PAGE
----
body = body+""+"n"

body = body+"Topic: "+row[6]+"n"

body = body+"created_by_username: "+row[5]+"n"
body = body+"topic_date: "+DateTime.strptime(row[7],'%s').strftime("%d/%^b/%Y")+"n"
body = body+""+"n"
body = body+row[1]+"n"
end
#set the value of last topic ready for the next loop.
lasttopic = currenttopic

end

# These are the fields in order in the CSV. Here for easy reference whilst I coded
# numbers start from zero (so post_subject = row[0])
# "post_subject", "post_text", "post_id", "topic_id", "post_time", "username_clean", "topic_title", "topic_time"

Being very lazy, I didn’t write the code to understand the first pass should *NOT* be emailed to the group, so the first email to the group titled ‘initialise’ will need to be deleted manually.

You will need to enter your own values for: Forum name, your email address, your sending domain. You’ll need a password, but be aware that if you use 2 factor authentication you’ll need to get an app specific password from your apps account.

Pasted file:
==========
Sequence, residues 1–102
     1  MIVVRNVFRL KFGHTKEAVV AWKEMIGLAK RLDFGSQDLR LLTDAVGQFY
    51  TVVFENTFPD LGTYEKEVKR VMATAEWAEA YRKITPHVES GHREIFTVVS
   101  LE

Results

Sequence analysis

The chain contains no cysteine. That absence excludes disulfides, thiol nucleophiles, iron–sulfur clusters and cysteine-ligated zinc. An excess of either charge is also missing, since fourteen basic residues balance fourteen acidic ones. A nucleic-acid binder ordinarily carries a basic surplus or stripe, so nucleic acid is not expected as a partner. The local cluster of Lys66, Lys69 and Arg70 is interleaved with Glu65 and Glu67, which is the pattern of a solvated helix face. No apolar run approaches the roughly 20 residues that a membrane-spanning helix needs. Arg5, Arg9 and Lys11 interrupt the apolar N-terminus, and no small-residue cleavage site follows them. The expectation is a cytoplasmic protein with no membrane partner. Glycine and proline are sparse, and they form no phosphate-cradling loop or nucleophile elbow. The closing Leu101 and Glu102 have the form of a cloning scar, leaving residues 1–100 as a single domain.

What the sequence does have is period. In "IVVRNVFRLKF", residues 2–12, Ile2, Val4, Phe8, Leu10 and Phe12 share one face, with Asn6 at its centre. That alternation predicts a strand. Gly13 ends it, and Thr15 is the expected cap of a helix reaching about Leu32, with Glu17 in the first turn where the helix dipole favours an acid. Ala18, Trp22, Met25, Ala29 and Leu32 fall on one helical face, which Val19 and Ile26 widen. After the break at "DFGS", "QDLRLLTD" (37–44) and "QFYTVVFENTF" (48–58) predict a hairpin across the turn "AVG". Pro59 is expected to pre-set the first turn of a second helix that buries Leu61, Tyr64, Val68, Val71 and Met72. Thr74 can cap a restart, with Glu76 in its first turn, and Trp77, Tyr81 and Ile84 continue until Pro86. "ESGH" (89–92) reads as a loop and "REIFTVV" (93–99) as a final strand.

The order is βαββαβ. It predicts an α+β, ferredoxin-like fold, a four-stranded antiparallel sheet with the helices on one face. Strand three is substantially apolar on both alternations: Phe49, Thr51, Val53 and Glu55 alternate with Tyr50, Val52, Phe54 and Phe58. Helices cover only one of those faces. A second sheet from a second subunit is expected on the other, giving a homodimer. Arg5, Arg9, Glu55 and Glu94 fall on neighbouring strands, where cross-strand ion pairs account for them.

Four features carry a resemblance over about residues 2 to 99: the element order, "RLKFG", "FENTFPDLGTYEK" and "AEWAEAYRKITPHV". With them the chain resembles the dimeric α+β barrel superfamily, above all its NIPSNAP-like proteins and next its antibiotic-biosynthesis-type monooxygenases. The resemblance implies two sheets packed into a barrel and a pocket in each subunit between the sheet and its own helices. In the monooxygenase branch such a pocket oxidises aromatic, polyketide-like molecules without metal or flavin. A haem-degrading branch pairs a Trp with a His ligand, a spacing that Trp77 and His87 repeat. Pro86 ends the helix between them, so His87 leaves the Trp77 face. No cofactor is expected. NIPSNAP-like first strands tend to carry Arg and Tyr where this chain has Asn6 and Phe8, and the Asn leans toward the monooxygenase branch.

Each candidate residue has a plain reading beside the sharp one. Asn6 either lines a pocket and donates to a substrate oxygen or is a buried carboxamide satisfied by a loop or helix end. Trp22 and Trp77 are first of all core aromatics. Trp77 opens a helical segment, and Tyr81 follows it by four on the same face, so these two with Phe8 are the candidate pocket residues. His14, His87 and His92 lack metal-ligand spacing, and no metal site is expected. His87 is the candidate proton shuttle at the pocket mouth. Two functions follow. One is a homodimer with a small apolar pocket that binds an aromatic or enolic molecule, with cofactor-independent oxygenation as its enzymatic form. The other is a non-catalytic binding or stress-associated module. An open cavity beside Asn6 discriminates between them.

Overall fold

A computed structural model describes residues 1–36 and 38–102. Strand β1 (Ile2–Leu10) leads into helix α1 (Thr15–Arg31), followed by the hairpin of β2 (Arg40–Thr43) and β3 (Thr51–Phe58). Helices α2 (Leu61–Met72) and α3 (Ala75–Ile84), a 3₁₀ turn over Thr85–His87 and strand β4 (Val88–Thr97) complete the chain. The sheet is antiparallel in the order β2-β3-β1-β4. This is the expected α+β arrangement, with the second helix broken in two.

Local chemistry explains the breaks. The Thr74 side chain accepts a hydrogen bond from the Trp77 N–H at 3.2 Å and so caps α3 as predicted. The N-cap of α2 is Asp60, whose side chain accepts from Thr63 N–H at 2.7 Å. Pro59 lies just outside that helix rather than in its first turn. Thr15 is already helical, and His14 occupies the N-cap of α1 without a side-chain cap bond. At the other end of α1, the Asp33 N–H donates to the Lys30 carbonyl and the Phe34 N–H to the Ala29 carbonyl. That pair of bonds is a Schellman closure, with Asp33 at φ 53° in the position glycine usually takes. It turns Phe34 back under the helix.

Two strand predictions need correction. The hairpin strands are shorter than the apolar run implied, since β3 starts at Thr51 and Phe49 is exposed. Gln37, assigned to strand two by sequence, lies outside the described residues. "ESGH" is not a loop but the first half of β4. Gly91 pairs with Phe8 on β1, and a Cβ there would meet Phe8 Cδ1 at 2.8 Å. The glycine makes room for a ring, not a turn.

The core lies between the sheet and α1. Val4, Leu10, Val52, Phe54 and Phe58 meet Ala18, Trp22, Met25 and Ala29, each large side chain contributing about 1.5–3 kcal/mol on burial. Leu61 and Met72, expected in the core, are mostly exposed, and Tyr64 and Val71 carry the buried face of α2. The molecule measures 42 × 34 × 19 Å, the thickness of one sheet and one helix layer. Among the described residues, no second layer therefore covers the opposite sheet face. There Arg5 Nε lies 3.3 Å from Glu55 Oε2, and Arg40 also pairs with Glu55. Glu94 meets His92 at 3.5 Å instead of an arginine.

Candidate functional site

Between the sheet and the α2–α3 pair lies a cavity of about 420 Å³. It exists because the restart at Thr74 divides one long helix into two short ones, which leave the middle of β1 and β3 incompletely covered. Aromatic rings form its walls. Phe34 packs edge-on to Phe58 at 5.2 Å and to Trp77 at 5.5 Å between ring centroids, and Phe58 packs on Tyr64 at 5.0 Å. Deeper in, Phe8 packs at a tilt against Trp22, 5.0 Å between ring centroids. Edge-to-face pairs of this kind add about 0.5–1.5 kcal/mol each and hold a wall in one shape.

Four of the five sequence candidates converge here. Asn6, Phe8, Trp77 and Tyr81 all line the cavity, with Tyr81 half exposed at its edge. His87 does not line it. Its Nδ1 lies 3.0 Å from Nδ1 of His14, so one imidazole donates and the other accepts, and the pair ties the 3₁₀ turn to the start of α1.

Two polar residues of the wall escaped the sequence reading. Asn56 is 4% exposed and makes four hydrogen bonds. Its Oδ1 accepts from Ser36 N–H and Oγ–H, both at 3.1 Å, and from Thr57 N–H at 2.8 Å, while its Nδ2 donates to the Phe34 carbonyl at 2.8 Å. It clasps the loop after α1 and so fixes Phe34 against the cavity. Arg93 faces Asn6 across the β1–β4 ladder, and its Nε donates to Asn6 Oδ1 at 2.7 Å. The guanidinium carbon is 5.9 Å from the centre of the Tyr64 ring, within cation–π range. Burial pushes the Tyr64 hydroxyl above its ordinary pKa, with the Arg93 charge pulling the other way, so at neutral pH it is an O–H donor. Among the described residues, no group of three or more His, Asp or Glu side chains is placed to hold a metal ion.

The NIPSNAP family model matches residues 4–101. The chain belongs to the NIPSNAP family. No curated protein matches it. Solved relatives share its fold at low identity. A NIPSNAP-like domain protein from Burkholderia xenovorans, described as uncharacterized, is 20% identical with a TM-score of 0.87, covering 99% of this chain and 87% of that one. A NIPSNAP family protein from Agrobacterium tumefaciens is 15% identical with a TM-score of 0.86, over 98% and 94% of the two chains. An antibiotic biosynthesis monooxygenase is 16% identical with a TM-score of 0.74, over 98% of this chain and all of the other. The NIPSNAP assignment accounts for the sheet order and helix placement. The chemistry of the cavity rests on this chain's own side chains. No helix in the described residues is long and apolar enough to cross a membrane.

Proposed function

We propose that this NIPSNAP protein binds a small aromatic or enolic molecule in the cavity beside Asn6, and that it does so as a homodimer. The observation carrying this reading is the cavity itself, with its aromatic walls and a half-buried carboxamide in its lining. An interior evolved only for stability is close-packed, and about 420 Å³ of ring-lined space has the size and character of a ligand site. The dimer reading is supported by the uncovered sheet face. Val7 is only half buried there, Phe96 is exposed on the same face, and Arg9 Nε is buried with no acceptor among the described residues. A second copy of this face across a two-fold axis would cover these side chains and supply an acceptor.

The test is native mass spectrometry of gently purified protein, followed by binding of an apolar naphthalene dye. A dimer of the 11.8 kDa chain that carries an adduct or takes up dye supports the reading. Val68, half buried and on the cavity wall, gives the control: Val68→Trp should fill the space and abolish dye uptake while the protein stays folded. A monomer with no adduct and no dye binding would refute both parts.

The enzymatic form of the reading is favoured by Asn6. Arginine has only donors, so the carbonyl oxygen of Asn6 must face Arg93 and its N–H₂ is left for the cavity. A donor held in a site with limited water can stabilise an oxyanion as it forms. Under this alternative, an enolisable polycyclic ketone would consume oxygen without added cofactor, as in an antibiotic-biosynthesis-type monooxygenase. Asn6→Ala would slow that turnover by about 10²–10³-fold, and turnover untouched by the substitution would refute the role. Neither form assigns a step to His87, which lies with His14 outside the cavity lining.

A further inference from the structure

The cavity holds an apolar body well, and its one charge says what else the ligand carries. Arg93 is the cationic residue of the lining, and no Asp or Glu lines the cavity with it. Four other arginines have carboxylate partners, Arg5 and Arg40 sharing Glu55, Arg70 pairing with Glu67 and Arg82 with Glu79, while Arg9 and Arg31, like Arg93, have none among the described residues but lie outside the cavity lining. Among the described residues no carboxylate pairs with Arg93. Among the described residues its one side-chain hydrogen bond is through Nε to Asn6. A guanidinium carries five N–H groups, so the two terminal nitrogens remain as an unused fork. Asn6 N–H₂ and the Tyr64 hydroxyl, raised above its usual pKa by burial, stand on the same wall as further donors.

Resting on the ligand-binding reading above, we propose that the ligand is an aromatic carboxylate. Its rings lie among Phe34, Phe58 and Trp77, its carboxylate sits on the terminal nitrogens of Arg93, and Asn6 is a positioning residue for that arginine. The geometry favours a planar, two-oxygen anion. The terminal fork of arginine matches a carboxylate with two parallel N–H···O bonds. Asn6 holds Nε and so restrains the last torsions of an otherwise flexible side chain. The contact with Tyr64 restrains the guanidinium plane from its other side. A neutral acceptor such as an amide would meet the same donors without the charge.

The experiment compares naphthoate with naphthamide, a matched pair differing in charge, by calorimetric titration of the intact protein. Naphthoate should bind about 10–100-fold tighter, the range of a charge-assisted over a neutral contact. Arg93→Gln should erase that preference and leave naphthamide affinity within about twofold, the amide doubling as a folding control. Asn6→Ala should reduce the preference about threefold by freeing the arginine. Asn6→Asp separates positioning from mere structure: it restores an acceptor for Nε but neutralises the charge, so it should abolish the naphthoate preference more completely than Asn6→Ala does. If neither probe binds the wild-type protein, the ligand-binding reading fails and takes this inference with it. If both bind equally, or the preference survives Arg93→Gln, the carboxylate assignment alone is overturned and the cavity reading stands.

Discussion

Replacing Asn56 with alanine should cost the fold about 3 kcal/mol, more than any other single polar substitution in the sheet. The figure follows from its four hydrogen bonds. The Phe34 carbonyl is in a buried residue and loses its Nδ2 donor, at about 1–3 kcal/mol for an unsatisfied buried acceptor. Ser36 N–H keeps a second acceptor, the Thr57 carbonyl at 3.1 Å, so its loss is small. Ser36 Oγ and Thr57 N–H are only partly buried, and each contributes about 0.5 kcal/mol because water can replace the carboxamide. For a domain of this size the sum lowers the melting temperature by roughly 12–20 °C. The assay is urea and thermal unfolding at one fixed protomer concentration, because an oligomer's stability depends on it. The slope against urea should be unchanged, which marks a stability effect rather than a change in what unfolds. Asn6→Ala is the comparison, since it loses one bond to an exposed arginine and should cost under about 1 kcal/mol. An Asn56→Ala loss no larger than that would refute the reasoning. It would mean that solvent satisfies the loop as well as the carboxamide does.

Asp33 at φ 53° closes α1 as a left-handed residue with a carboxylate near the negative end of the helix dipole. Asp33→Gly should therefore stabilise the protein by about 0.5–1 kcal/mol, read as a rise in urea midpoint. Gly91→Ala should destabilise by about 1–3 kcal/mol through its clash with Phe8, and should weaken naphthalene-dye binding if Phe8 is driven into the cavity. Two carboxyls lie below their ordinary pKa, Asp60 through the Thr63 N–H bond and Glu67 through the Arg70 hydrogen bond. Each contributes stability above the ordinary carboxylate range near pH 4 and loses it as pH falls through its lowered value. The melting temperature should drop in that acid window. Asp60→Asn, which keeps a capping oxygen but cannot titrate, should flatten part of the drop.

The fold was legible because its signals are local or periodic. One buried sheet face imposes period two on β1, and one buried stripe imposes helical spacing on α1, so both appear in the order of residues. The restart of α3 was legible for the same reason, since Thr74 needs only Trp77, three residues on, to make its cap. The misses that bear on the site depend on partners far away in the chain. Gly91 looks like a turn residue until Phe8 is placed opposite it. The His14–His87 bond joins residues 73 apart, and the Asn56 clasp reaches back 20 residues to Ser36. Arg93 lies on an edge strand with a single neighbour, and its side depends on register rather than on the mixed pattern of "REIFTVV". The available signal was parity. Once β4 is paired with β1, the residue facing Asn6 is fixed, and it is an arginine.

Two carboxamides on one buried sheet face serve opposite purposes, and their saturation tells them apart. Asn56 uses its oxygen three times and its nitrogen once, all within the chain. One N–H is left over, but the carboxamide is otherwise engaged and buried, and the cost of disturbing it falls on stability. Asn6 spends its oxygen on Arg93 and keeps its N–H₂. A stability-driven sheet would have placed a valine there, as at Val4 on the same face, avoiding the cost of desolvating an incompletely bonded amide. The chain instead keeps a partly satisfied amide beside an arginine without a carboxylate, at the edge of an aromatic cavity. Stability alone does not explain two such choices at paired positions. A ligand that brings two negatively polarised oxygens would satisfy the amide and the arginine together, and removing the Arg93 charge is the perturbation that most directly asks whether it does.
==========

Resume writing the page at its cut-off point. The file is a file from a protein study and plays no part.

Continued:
You will want to customise the text that is added to every email, perhaps correct the spelling of ‘transfered’ too 😉

The script isn’t particularly fast as it connects and sends each email individually. We use google apps and as there weren’t many topics to send it was well within my daily limit of gmail usage. However, if it was higher then I could have sent them directly via smtp. There are instructions for using different email methods on the ‘Pony’ github pages. The other problem I had was errors in the CSV causing the script to stop. For example some replies had no topic name and that made the script error when it encountered them. For me, I had fixed the CSV, deleted the posts already made to the forum, and run the whole script again. For others, you might like to set up a dummy group to send your messages too first to make sure everything works, then delete the dummy group and re-run the script to send messages to the new group.

To test the email messages, I suggest you take a few rows of your CSV file and send them to your own email to check formatting and content.

If you’re wondering what my results looked like, here’s one of the topics with a reply once posted to the google group

Birthday Calculator – in case you don't want to wait a whole year to celebrate being alive